Next-Generation Smartphones Are Wickedly Fast—Why Does Korea Get Them First?

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Qualcomm just released a report on the performance in Korea of its next-generation LTE platform. What is interesting is that for most parts of the world download speeds have been increasing steadily for some time but upload speeds pretty much still suck. This is a problem for those of us increasingly sharing pictures and videos. Well, the next generation of phones to use the Qualcomm Snapdragon X12 LTE modem will be able to upload a whopping 3x faster but only in Korea for now and only with the LG G5 (for now).

You can see a video of the difference here, but let’s talk about both the technology and why Korea consistently gets better tech performance than the US.

The Tech

This is kind of fascinating because the way it is increasing both download and upload speeds is by applying a number of interesting improvements to cell phone modems.

The first is carrier aggregation which allows the phone to communicate across two frequencies. This is kind of like your gaming PC that has two Ethernet ports to increase bandwidth (but without the limitation of the single link to your internet provider).

64-QAM modulation is the second technology and it basically jams more data into the same link. It isn’t compression—it just carries more data. Typical networks are limited to around 50 Mbps, but with 64-QAM you can get up to 150 Mbps.

Compression provides another 50 percent boost and suddenly you have some rather impressive bandwidth.

Why Korea?

What really annoys me about this kind of news is that if you look at the roll out of the phones already there are a number of devices that support this performance boost—one costing as little as $122. But most are only available in Asia because—of the first three networks to support the capability—two are in South Korea and one is in China (China Mobile—the major carrier in that region).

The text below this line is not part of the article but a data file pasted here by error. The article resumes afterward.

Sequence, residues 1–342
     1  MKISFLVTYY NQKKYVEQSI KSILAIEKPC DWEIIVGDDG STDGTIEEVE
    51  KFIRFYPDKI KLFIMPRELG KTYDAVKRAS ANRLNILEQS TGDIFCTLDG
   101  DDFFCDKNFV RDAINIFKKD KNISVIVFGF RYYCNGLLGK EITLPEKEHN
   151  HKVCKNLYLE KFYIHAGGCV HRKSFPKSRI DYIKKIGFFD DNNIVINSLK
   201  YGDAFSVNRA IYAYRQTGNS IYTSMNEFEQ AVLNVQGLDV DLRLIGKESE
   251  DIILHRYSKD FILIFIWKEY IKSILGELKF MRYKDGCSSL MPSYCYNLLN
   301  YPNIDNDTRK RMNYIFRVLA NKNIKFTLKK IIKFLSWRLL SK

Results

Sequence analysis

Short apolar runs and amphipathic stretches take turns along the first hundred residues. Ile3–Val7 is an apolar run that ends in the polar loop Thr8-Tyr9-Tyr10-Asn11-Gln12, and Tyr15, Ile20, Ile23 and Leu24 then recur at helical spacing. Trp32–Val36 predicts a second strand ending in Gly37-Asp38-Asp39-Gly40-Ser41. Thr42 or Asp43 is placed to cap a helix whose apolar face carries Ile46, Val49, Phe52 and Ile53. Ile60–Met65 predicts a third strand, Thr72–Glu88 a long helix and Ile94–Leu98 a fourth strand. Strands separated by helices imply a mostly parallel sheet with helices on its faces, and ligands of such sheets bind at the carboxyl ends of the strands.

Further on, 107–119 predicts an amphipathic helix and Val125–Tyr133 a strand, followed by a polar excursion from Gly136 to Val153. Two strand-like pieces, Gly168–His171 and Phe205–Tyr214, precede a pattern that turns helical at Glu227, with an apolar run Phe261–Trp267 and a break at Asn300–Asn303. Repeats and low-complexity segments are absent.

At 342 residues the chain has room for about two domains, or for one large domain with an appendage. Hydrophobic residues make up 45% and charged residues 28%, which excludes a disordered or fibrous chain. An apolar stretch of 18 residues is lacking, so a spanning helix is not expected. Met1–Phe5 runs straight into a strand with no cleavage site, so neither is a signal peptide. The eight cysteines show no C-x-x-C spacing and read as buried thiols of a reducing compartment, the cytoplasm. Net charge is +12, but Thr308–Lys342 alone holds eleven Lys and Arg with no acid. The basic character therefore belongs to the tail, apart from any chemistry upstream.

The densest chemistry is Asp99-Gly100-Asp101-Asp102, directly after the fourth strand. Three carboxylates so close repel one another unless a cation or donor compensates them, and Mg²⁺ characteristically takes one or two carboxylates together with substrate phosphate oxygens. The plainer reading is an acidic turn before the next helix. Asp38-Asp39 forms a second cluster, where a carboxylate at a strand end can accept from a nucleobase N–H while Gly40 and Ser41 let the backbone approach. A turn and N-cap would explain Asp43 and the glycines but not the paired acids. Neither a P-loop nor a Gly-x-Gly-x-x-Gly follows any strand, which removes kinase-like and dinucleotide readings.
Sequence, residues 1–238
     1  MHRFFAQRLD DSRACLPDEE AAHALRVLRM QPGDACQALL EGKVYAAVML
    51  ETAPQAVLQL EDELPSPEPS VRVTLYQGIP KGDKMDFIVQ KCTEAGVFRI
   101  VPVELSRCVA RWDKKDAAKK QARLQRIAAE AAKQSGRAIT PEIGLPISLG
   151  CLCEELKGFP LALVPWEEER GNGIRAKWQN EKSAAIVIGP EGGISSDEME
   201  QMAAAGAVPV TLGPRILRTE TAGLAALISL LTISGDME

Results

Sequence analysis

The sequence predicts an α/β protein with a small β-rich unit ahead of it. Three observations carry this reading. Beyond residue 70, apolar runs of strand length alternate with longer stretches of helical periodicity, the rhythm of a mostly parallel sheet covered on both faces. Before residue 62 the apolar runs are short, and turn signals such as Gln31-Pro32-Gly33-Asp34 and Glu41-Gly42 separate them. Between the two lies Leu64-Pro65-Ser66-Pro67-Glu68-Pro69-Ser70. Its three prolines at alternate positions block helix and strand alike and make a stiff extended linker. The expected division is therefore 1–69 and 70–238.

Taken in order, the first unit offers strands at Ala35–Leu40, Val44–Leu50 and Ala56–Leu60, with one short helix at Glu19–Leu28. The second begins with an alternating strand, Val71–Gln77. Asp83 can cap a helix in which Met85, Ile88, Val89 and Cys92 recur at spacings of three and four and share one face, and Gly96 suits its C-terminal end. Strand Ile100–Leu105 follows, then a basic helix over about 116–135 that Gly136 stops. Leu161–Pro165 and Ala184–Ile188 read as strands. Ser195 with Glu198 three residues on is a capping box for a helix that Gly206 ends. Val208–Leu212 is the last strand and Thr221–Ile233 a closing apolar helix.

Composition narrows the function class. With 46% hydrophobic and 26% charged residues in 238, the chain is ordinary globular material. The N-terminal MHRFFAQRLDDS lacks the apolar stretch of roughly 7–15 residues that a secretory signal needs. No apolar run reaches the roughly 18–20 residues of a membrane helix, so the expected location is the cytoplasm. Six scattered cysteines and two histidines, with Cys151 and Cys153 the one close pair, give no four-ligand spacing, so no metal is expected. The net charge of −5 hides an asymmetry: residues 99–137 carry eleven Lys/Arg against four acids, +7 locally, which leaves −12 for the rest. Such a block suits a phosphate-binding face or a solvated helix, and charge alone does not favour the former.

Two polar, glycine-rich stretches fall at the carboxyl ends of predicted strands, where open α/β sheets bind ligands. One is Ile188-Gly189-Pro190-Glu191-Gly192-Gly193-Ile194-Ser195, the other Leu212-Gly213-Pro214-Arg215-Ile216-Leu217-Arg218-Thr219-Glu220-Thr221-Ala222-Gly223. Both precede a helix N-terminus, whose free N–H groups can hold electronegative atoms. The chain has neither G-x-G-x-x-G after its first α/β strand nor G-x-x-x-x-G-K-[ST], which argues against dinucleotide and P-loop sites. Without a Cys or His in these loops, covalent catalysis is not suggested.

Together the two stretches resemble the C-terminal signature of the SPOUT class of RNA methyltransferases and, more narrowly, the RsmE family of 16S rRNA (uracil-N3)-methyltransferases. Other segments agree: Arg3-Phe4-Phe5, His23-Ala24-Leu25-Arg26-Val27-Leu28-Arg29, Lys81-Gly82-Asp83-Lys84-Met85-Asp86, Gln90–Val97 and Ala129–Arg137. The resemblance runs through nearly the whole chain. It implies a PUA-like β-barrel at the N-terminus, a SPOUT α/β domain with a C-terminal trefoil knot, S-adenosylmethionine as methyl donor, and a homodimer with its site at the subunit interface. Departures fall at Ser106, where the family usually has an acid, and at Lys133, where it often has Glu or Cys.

Now, both Korea and China desperately want to take the tech market away from the US and both governments aggressively push technology advancement and work with tech firms. For instance, I had one US tech firm explain to me the difference between working with the US Government and China. In the US they are mostly regulated and told what they can and can’t do. They feel as if they work for the government. In China the officials come over regularly and inquire what they can do to make the firm more successful—recognizing that the tax revenues and jobs the firms create are strategic assets for the country, not just extra work for them.

Europe and the US have similar issues, which is why you aren’t seeing technology advance as quickly there either.

I should add however that T-Mobile is shaking things up pretty heavily here in the US and I’ll bet it is the first carrier to adopt these new technologies as a result. Until then, though, if you want blazing smartphone performance you’ll have to take your new phone to Korea or China for the time being.

Wrapping Up

Looking back, the US led with trains, cars, oil, space exploration, and ships at one time. But the government in its desire to regulate everything, or tactically cut costs at the expense of revenues, pushed that leadership to Europe and Asia. It is interesting to note that unusual people like Jobs and Musk fought, and are fighting, to bring some of this leadership back but, typically, they are fighting not only their competitors but the government as well.

Examples are the recent attacks on Apple to unsecure their phones, the blocking of Tesla stores in much of the country, and the unwillingness to even consider Hyperloop for the unbuilt though already out of date bullet train in California.

Until that is fixed we can look longingly at the technologies that firms like Qualcomm are bringing out and envy users in Korea and China and wait for the day the heart of tech moves from the US to Asia. Now that is a sad way to end the week. (How much you want to bet that the first working Hyperloop train is in China? (Then again they may not need it.)

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About Author

As President and Principal Analyst of the Enderle Group, Rob provides regional and global companies with guidance in how to create credible dialogue with the market, target customer needs, create new business opportunities, anticipate technology changes, select vendors and products, and practice zero dollar marketing. For over 20 years Rob has worked for and with companies like Microsoft, HP, IBM, Dell, Toshiba, Gateway, Sony, USAA, Texas Instruments, AMD, Intel, Credit Suisse First Boston, ROLM, and Siemens.

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